My philosophy of teaching and education is one that focuses on the student. In my experience, I promote this philosophy of teaching in a number of ways. Foremost, I put the students first and try to develop a relationship with them. By genuinely caring about and listening to my students, I develop a two-way highway of information between my students and myself. This approach allows me to gauge the development of their learning and thinking and to gauge, through their feedback, the development of the exchange of information. In this way, I can continuously improve the quality of my teaching.
Since arriving at UW-Madison, I have taught professional and graduate courses in the Doctor of Pharmacy program. One of my goals for the pharmacy students is to empower them to be agents for change. The profession of pharmacy is changing every day. With those changes comes uncertainty. Although it is easier to accept the status quo and to think in the same proverbial box as every other pharmacist, it will take innovators and leaders to make the field of pharmacy better for pharmacists and their patients. One of the areas of growth and responsibility for pharmacists is in the area of patient safety.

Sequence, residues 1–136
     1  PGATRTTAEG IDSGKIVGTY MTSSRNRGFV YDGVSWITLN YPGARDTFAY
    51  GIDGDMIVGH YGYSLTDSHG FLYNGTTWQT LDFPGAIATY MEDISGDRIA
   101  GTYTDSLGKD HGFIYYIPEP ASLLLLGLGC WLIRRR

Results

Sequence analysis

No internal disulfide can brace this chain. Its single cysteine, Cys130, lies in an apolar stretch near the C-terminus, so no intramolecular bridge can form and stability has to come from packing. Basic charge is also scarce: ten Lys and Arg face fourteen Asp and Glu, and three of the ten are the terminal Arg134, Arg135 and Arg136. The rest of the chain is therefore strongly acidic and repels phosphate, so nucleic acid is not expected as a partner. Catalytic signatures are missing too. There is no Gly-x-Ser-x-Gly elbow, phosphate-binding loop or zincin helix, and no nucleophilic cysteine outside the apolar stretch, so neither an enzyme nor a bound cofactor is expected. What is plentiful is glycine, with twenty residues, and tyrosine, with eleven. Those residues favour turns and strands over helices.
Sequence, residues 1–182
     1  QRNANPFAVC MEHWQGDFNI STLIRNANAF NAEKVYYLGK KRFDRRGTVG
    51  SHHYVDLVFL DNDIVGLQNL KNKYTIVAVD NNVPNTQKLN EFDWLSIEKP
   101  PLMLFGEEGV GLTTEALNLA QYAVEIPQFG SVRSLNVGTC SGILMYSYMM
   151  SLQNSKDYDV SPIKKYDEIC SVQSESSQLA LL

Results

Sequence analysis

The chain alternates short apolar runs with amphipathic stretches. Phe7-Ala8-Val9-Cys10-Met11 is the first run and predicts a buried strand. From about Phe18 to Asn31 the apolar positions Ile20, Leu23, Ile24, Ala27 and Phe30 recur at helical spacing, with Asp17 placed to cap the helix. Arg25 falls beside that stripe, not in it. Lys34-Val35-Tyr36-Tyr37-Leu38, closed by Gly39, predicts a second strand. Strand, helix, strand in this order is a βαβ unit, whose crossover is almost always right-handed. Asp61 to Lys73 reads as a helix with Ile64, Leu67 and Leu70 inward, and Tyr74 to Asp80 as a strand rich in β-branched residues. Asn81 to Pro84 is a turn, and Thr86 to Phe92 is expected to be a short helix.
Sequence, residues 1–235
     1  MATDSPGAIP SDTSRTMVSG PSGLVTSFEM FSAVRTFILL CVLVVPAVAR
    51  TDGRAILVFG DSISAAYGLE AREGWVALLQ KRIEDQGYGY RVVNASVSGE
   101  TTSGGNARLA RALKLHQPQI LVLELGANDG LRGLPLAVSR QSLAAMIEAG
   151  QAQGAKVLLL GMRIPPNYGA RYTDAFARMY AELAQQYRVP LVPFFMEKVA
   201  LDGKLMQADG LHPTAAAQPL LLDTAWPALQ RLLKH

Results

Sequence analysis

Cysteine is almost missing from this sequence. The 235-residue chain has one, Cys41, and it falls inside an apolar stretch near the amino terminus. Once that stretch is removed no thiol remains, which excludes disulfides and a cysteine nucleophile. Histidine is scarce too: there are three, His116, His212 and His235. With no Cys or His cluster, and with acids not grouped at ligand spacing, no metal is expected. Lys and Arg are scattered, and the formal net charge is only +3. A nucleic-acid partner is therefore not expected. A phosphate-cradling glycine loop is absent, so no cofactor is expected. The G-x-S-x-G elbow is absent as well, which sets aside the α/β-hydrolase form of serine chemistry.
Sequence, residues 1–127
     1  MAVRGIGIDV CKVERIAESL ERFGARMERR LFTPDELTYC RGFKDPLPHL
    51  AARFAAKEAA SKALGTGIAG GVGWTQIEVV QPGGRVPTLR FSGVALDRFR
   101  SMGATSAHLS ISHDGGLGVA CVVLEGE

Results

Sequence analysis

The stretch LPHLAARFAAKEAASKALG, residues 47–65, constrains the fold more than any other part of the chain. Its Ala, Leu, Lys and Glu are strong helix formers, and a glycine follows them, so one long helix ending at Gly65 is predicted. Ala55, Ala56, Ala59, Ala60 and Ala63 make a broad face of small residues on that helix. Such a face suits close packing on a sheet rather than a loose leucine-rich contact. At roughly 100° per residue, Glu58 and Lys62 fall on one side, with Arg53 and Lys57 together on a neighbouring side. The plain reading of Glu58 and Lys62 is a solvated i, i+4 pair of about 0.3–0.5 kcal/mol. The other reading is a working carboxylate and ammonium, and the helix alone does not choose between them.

In the Safety and Quality in the Medication Use Process course 729-608 (required course in the 3rd year pharmacy curriculum), I focus on teaching students to think beyond the current roles and responsibilities of pharmacists and encourage them to envision a time when pharmacists will be considered the patient safety leaders in their health systems. My teaching focuses on introducing theories and concepts that have been widely studied and applied in other health care disciplines but are in their infancy in pharmacy. Unlike many pharmacy classes, I de-emphasize the need to memorize information. Instead, I encourage students to apply new concepts, such as human factors engineering and health care quality, in real life scenarios. First, I evaluate student performance on exams using short answer questions, recognizing that when students graduate, they will need to apply knowledge and develop coherent answers to the questions that they are asked, rather than recognize the correct answer as they need to do on multiple-choice questions. Second, students are assigned to groups in which they are asked to partner with a practicing pharmacy to assess current patient safety strategies, identify a need, implement, and evaluate a patient safety intervention. Although it is difficult logistically to manage the number of field projects in this course, the project provides a much richer experience for students as opposed to contriving cases that are as complex and detailed as in the real world. Lastly, I feel very fortunate that I teach students in the area in which I conduct research. This allows me to introduce my own research, as well as current and credible literature, that add depth and application to the content that I teach.